Lompoc on California's central coast and Castle Rock in Colorado canceled their pyrotechnic displays over worries about wildfires. Still, an Independence Eve fireworks show with live music by the Colorado Symphony is planned July 3 at Denver's Civic Center Park.
In New Mexico, the most destructive wildfire season in modern history won't stop that state's major cities, including Albuquerque and Santa Fe, from holding Fourth of July fireworks displays under fire department supervision.
The Southgate Mall in Missoula, Montana, canceled its annual Fourth of July celebration and fireworks show without giving a reason.
Elsewhere in the U.S., some North Carolina towns canceled displays after a recent fireworks-related explosion killed a man on a small farm and a large cache of fireworks were destroyed in a related fire.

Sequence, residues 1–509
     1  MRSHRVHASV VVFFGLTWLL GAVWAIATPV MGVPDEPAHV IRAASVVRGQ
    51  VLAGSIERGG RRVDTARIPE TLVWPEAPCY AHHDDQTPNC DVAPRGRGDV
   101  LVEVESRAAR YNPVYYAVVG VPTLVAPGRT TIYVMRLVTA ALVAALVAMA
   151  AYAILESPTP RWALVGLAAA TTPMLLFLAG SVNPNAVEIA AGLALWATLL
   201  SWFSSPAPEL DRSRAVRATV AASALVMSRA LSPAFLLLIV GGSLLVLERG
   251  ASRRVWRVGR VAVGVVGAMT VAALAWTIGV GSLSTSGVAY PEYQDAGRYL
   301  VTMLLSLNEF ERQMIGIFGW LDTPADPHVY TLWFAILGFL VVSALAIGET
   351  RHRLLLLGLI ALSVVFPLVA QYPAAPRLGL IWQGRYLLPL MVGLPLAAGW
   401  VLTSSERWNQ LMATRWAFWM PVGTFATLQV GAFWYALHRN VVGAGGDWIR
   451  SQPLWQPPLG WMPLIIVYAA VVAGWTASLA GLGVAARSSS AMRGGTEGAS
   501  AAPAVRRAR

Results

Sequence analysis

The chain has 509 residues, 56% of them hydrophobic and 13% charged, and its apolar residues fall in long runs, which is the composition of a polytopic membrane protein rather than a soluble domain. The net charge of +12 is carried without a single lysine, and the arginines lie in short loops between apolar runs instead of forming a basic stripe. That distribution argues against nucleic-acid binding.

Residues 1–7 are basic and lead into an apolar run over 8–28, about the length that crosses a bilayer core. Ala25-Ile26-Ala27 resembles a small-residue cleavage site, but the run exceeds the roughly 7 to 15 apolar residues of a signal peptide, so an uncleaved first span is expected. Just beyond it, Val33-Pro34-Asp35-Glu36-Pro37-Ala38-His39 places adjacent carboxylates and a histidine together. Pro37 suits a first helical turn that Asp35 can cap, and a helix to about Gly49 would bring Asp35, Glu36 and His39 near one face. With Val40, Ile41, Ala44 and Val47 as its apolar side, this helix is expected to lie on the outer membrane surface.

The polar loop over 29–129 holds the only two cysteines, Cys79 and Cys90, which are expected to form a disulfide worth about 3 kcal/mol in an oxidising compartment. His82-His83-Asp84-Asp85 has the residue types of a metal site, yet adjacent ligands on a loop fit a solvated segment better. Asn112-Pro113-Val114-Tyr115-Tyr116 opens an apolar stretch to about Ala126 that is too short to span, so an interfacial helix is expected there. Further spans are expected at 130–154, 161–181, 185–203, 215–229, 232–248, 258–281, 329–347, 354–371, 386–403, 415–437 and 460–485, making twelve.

In Minneapolis, a fireworks display over the Mississippi won't be held because of staff shortages and construction at a nearby park.
Those who plan to light up consumer-grade fireworks like bottle rockets, firecrackers and ground-level fountains at home can expect to pay more for them. The American Pyrotechnic Association estimates that costs are up 35% across the industry.
Fire officials in some cities worry that the cancelations of community displays could prompt some people to ramp up their use of consumer-grade fireworks.
"We are typically worried about exposure of sparks and fire to homes and dry brush," said Phoenix Fire spokesperson Capt. Evan Gammage. "We get so many calls around this time of year."
New Mexico inks trust land leases for massive wind project - Associated Press